Skip to Main Content
Idaho State University home

ISU researcher says early intervention is key to treating mental illness

July 8, 2008
ISU Marketing and Communications

As the National Institute of Mental Health outreach partner for Idaho, Idaho State University’s Institute of Rural Health has done extensive work to create programs that focus on early intervention for the treatment of mental illnesses. According to a recent report released by the American Journal of Psychiatry and the National Institute of Mental Health, American workers with serious mental illnesses account for an annual estimated loss of earnings totaling $193.2 billion.

This is a troubling fact for taxpayers, employers and many in the mental health-care industry. However, Michael F. Hogan, director of the Ohio Department of Mental Health and chair of the President’s New Freedom Commission on Mental Health, said the consequences for the excess costs of untreated or poorly treated mental illnesses is even worse for patients than for taxpayers.

Idaho State University’s Institute of Rural Health has created a program, “Better Todays, Better Tomorrows,” as a preventative measure to help young people throughout the state access mental health care. The program focuses on early intervention for school-age children and teens. Instructors conduct training throughout Idaho and encourage adults to get early mental health treatment for children and youth in their care.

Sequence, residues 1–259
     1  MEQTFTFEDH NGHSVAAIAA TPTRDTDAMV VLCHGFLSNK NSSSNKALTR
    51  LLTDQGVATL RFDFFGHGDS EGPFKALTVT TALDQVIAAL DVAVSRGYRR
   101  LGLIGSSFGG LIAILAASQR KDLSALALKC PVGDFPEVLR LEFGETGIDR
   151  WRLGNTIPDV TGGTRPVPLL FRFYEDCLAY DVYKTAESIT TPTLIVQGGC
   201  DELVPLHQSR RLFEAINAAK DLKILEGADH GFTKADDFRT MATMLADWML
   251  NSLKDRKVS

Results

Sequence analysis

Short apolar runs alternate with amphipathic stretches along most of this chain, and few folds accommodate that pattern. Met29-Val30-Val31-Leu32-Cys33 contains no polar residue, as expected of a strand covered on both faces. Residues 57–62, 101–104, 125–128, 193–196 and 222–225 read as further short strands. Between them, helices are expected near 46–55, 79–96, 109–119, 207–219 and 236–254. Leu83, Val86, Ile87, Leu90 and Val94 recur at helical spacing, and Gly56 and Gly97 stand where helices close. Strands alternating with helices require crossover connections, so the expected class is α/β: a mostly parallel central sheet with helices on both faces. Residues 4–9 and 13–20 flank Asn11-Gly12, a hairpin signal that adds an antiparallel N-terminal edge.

“A 2005 report revealed 46 percent of Americans will have some sort of mental disorder sometime in their lives and most adults report they experience symptoms before the age of 14,” said Ann Kirkwood, senior research associate at ISU’s Institute of Rural Health. “Without early intervention and treatment, these disorders can cause downstream consequences in adulthood, including a lack of earning power.”

One of the major benefits ISU-IRH receives as an outreach partner for NIMH is access to the most up-to-date programming and research in mental health and mental illness.

 “The training data we’re collecting indicates strongly that we are increasing knowledge of signs and symptoms, reducing stigma and we’re seeing more adults referring kids to timely and appropriate care,” said Kirkwood.

For more information or for those interested in sponsoring community training, contact Ann Kirkwood at or call (208) 373-1767.


University News